• Establish a Timeline Find out if the seller needs to have the sale closed sooner rather than later. If the seller is feeling pressured to sell, use that to your advantage in negotiating. Even if you, the buyer, are the one with the deadline for purchasing a home, don’t let yourself be rushed into making concessions or a purchase you may regret later.
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    Types of Mortgages

    Fortunately for buyers, there are a variety of mortgages to choose from. It is in your best interest to investigate each of them to determine which is the best for your situation. You probably won’t qualify for all of them. In fact, you may only qualify for one. But if you do qualify for more than one, you may save yourself money (and worry) in the long run if you do your homework before signing on the dotted line.
    Fixed Rate Mortgages Consider a fixed rate mortgage if either of the following describes you:
    • You plan on living in your new home for many years, and/or
    • You are not a risk-taker and prefer the stability of knowing how much your payment will be each month.Since most home loans are for a period of 30 years, if you want a payment you can count on for that long of a period of time, a fixed rate mortgage may be what works best for you. Once your loan amount and interest rate are calculated and locked in, a fixed rate mortgage will guarantee that you will have the same payment over the life of the loan. Making extra payments to principal will allow you to pay your loan off sooner.This may not always be the best choice, however. If interest rates are very high at the time you take out your loan, with a fixed rate mortgage you’ll be stuck with that high interest for the life of the loan (unless you choose to refinance). Conversely, if interest rates are very low, you’ll come out the winner with interest rates that will stay low no matter how high interest rates go in the future. The following are the advantages and disadvantages of the varying lengths and terms of fixed-rate mortgages:

      15-Year Fixed-Rate:
      • Pay off the loan in half the time of a 30-year loan.
      • Equity builds up more quickly than in a 30-year loan.
      • Payments are higher (which may be a problem if you lose your job or become unable to work).
      20-Year Fixed-Rate:
      • Pay off the loan in 2/3 the time of a 30-year loan.
      • The overall interest paid is considerably less than for a 30-year loan.
      30-Year Fixed-Rate:
    • The most common choice, especially for first-time homebuyers, as it’s the easiest of the fixed-rate loans to qualify for.
    • Monthly payments are lower than for 15-year and 20-year loans. This can prove especially helpful if you do not have a lot of “padding” between the amount you can afford to spend and the monthly payment for your desired property.
    • More desirable if you plan on staying in the same home for years, since equity builds more slowly than for shorter-term loans.
    • For income tax purposes, this term provides the maximum interest deduction.
    Adjustable-Rate Mortgages (ARMs)If you are more comfortable in taking a risk with your money or if interest rates are very high at the time you take out your loan, an adjustable-rate mortgage (ARM) may be the solution for you. You might also choose this type of loan if your planned ownership of the property is short-term or if you expect your income to increase to cover any potential rise in the interest rate. Generally, the interest rate when you take out your loan will be lower than a fixed-rate mortgage. Please note that this is true initially, not necessarily long-term. Since an ARM rate rises and falls depending on the prevailing interest rate, your mortgage payment will rise and fall accordingly. If your income is not sufficient to cover the highest possible payments, then this option is not for you. On the positive side, the lower initial payments will allow you to qualify for a larger loan than if you choose a fixed-rate. The downside is that your payments will increase if/when the rates go up. Typically, ARM interest rates are tied to a specific financial index (such as Certificate of Deposit index, Treasury or T-Bill rate, Cost of Funds-Indexed Arms or COFi, or LIBOR [London Interbank Offered Rate]) and your payment will be based on the index your lender uses plus a margin, generally of two to three points. Get the formula used by your lender in writing and make sure you understand what it means. Fortunately, the amount an ARM can increase is limited. There are “caps” on how much your lender can increase your rate, both for a period of one year and for the life of the loan. Plan ahead, and have your lender calculate what the maximum payment would be if your rate went to the highest amount allowed by the cap for your particular mortgage. If you are not confident you’ll be able to pay that amount on a monthly basis, perhaps you should reconsider this type of loan.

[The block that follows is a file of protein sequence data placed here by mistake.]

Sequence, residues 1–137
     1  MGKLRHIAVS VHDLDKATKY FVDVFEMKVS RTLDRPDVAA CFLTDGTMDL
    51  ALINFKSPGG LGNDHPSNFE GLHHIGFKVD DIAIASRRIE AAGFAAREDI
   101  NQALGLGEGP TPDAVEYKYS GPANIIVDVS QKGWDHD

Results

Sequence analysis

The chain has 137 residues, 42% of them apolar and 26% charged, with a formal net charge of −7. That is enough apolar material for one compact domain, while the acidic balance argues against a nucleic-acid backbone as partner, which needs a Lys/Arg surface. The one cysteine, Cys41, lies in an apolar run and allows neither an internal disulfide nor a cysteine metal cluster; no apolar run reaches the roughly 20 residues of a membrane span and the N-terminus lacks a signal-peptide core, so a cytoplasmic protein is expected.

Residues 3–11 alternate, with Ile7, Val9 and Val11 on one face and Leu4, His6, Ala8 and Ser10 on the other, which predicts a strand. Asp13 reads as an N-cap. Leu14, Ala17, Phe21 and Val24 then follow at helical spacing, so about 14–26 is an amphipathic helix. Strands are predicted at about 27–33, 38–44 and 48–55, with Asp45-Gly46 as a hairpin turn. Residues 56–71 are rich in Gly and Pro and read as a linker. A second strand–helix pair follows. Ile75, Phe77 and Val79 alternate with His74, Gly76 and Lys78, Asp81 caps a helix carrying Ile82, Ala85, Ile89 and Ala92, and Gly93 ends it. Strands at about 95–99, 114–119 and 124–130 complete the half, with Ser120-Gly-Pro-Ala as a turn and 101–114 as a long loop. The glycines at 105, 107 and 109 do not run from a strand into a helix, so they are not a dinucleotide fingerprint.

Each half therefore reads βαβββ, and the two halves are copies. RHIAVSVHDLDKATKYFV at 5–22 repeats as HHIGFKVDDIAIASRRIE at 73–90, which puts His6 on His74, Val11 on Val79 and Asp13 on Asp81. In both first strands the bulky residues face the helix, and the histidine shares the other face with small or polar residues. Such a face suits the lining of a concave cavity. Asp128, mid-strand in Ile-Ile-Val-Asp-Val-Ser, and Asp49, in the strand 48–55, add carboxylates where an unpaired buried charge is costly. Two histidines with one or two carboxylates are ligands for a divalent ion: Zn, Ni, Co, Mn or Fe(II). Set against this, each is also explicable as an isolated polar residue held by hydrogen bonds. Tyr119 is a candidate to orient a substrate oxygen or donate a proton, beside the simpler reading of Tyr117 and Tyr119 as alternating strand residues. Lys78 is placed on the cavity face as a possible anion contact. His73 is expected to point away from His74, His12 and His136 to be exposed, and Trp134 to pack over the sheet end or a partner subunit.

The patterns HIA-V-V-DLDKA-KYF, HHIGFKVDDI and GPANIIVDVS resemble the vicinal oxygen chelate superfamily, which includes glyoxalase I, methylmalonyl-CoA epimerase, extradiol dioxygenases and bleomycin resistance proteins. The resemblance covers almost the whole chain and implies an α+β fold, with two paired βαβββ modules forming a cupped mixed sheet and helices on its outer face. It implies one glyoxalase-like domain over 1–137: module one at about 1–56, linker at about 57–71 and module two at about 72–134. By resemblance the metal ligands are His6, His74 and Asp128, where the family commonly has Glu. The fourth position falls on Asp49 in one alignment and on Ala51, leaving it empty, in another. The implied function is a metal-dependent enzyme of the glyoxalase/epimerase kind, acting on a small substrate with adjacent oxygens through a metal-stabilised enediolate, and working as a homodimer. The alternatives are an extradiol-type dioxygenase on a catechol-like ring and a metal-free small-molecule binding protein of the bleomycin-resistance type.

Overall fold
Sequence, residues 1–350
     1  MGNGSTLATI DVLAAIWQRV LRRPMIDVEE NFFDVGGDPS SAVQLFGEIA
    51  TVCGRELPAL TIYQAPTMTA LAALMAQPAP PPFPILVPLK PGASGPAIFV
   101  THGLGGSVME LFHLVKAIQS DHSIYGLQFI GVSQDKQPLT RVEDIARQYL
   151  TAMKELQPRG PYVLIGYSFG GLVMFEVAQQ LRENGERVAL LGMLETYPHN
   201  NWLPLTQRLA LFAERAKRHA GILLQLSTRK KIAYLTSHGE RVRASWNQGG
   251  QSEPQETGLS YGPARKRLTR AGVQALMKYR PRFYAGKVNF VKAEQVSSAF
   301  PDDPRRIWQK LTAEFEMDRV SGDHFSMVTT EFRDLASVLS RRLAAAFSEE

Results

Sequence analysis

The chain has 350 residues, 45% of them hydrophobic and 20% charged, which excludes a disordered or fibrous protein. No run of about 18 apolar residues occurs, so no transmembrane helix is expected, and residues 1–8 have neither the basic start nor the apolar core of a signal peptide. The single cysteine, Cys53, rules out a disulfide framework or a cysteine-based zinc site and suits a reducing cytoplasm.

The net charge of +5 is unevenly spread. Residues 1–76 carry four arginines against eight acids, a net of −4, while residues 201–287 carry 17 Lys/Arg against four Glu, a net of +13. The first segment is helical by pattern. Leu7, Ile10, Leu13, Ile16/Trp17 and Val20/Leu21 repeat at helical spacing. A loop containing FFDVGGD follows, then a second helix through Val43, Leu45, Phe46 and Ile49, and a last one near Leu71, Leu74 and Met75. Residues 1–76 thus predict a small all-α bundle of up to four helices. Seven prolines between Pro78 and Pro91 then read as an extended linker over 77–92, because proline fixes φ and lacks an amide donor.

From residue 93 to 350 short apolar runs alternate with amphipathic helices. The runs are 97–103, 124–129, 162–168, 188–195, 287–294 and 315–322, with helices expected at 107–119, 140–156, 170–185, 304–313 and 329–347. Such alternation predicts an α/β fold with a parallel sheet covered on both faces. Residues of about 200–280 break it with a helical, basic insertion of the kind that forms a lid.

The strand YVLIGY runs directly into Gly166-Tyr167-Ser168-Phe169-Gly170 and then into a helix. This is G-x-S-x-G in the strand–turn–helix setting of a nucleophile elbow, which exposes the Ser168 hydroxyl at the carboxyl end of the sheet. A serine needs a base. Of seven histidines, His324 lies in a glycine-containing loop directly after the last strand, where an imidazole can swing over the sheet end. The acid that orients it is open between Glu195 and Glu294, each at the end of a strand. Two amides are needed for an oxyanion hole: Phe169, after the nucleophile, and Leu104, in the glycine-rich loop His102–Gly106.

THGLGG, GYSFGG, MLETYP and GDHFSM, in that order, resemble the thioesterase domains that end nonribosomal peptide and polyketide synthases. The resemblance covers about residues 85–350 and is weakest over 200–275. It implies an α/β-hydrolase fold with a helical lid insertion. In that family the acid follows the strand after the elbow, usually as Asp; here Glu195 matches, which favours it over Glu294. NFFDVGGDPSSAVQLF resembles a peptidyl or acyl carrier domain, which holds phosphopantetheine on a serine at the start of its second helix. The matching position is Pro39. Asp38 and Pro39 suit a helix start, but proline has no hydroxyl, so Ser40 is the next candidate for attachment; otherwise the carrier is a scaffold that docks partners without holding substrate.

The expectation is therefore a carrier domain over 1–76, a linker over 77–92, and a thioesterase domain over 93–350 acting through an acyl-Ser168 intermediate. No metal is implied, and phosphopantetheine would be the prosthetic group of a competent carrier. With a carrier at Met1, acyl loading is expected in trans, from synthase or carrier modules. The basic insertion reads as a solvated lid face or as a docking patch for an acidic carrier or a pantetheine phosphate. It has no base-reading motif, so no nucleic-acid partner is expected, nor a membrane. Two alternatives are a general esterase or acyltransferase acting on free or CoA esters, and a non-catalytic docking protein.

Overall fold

Convertible ARMs If neither the fixed-rate or the adjustable-rate mortgage seems like the best option, perhaps the convertible ARM will be right for you. This alternative combines the initial advantage of an ARM with a fixed rate after a predetermined number of years. Obviously, this type of mortgage has more advantages when the initial interest rate is low and the future rate is not guaranteed.

    Government Loans Another mortgage option available to some people is a government loan, providing that you meet the qualifications for these loans.
    • VA Loans: Veterans may qualify for a loan from the Veterans Administration. There is a limit on the amount you can borrow, so this option works best for those buying a lower priced home.
    • FHA Loans: The Federal Housing Association offers loans to lower-income Americans. Look for the phrase “FHA approved” when looking at ads for homes.
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    Getting the Best Rates for Your Mortgage

    Naturally, you want to get the best deal for the least amount of money. This holds true for mortgage rates as well. A lower interest rate means a lower monthly mortgage payment, which can save you money in the long run. Also, it is easier to qualify for a lower payment than a higher one. You basically have two routes to finding the best rate. The first is to do all the research on your own. The second is to use a mortgage broker.